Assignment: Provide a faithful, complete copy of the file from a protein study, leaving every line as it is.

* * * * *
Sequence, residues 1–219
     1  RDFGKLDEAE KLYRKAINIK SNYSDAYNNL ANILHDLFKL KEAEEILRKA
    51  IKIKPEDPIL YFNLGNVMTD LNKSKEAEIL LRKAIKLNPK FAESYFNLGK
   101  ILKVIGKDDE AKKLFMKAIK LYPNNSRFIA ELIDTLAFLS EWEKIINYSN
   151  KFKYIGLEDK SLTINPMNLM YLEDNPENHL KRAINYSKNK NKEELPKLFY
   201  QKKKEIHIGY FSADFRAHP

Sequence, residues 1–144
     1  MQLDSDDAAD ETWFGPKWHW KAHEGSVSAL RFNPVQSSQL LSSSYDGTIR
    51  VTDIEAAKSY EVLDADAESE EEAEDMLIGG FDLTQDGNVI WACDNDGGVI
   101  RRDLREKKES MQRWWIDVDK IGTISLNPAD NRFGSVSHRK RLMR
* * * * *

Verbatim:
Sequence, residues 1–219
     1  RDFGKLDEAE KLYRKAINIK SNYSDAYNNL ANILHDLFKL KEAEEILRKA
    51  IKIKPEDPIL YFNLGNVMTD LNKSKEAEIL LRKAIKLNPK FAESYFNLGK
   101  ILKVIGKDDE AKKLFMKAIK LYPNNSRFIA ELIDTLAFLS EWEKIINYSN
   151  KFKYIGLEDK SLTINPMNLM YLEDNPENHL KRAINYSKNK NKEELPKLFY
   201  QKKKEIHIGY FSADFRAHP

Sequence, residues 1–144
     1  MQLDSDDAAD ETWFGPKWHW KAHEGSVSAL RFNPVQSSQL LSSSYDGTIR
    51  VTDIEAAKSY EVLDADAESE EEAEDMLIGG FDLTQDGNVI WACDNDGGVI
   101  RRDLREKKES MQRWWIDVDK IGTISLNPAD NRFGSVSHRK RLMR